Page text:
Here’s 3 camera accessories that will help round out your DSLR or mirrorless camera setup.
A camera body is obviously the core of any camera setup, be it for photography or, as is mostly the case for me, videography.
But if you plan to get serious and step-up your craft a notch or two you’ll want to invest in a few accessories.
Below are 3 of my all-time favorites. Each is an accessory I’ve used with my Canon DSLR (60D, 70D, to, most recently, the amazing 80D) and Panasonic GH5 mirrorless cameras.
Shooting interviews. Music videos. Live concerts. Backstage Broadway. Short documentaries and films.
Each of these camera accessories has served me well, and I can heartily recommend each for build quality and durability.
I’ve been shooting videos here on Stark Insider for 13 years and have learned that a well-made accessory that doesn’t fail at that most critical moment is priceless when in the field.
Here’s a short film called CRAZY OR DIE I shot with a Panasonic GH5 and all of the the accessories mentioned here (plus a few others such as a slider and skater and strobe light, not to mention a wig):
Best of all these add-ons won’t break the bank. So here’s the stuff I recommend to get you jump-started into videography and filmmaking.
Top 3: Must-have accessories for your new DSLR or mirrorless camera
Manfrotto build quality is outstanding and its quick release standard is widely supported giving you lots of options.
AmazonBasics Tripod. Yes, they’re cheap, and definitely flimsy, but can get the job done for lightweight gear and lights.
In a world of gimbals, automated sliders and slick drones, a lowly tripod might seem just that, lowly. Study filmmaking and cinema a bit and you might soon realize the tripod is, in fact, almighty. Plan your shots, use a tripod creatively, and you can achieve surprising results. Many of today’s contemporary directors rely heavily on tripods. So too if you dig into the indie scene (try the beautiful looking arthouse film Evolution streaming on Netflix). A tripod will never go out of date, run out of battery or (for the most part) break unexpectedly. It will be there ready for you, until the end of time.
Rode VideoMic Pro On-Camera Shotgun Microphone.
Rode is one of the best names in the business. It’s easy to see why: great sound, long battery life, lightweight and well made.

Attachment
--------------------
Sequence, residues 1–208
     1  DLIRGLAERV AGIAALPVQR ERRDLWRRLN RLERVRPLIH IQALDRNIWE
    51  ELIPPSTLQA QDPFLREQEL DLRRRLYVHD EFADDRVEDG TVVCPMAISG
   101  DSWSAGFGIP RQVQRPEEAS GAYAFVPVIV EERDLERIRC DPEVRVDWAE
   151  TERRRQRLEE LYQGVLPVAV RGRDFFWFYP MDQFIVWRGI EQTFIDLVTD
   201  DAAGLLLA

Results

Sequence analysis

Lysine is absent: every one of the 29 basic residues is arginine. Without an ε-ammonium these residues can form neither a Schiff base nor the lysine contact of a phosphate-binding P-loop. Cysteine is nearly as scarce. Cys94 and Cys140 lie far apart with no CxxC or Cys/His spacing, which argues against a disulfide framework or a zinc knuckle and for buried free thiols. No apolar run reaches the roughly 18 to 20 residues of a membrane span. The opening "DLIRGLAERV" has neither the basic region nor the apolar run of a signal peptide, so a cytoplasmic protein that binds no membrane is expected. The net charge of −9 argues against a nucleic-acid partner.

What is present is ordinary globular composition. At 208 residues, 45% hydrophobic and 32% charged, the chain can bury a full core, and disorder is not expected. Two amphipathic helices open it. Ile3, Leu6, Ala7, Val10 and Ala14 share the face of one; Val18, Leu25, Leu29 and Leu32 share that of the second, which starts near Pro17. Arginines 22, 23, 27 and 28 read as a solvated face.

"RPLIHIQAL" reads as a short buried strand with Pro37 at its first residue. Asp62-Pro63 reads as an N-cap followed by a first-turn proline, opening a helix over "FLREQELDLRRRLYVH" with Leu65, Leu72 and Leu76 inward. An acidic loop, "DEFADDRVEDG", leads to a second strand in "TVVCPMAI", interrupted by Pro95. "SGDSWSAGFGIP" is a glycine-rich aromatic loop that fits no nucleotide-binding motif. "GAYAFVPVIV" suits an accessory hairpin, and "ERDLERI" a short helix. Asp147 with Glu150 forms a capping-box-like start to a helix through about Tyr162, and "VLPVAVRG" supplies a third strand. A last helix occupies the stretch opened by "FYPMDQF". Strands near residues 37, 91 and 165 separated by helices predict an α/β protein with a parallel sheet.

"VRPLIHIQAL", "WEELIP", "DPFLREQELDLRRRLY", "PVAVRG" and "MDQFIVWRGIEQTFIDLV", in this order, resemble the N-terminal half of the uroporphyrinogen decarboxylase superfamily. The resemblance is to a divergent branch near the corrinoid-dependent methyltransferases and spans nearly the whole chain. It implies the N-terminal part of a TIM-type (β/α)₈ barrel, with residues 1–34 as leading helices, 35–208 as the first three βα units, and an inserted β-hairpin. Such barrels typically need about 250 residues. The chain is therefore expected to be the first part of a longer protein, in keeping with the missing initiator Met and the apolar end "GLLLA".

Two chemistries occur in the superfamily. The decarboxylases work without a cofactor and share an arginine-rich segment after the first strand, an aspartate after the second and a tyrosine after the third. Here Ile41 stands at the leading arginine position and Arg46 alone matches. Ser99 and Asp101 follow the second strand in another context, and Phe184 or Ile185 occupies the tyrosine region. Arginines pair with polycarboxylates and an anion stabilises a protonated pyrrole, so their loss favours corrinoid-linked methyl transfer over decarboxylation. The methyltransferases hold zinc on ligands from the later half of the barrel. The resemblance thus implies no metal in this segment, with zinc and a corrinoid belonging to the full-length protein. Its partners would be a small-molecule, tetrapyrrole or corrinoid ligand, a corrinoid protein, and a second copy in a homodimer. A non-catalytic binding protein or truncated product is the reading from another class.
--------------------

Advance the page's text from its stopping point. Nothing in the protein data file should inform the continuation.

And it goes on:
Sennheiser MKE 600. This is a step-up option for those interested in even better quality. This Sennheiser uses a pro-grade XLR input so you’ll need an adapter for your camera making this setup a bit trickier, but possibly worth it depending on your project.
Sound is essential. Have you ever watched a YouTube video and stopped it immediately because it was hard to comprehend what the person was saying or there was just so much room echo that it was migraine inducing? Yes, image matters, but sound is at least 50% of your production value, possibly more. Invest in a good microphone and you’re videos should appeal better to viewers. Rode is my pick here. I’ve been using Rode mics for at least 10 years here on Stark Insider. They’re reasonably priced, sound very good, and go forever on a battery. Just make sure your camera has a 3.5mm mic input (it should) and you’re all set.
LED Light Panel
Genaray LED-7100T 312 LED Variable-Color On-Camera Light.
Clean white light with variable temperature control for daylight or nighttime shooting. Cheaper off-brand lights can often unwanted color cast (typically green) so watch for that when shopping for LED light panels.
Neewer Dimmable Bi-Color LED Professional Video Light for Studio. As the name implies this is a studio panel with lots of power. Perfect for shooting YouTube videos, product reviews, interviews, green screen (though you’ll want a 3-way lighting setup for that), and other projects.
You’ll eventually want to add lights. Several. A good starting point, however, is a basic LED light that you can mount on your camera or pop onto a tripod (see #1!) to help light a scene or interview. There’s lots of low-cost, decent options out there. These days I find myself gravitating towards Genaray LED panels. I especially appreciate that they produce a neutral white, devoid of any sort of color cast that may need to be corrected in post production. The panel above is one I use all the time, and runs off a basic Sony battery. Highly recommended.
Bonus Pick: Camera Bag
Here’s a handy and lightweight camera bag that can hold all your gear including one and maybe even two camera bodies, plus lenses, power and other accessories. I finally updated my 10 year-old Targus bag for this one and it’s outstanding.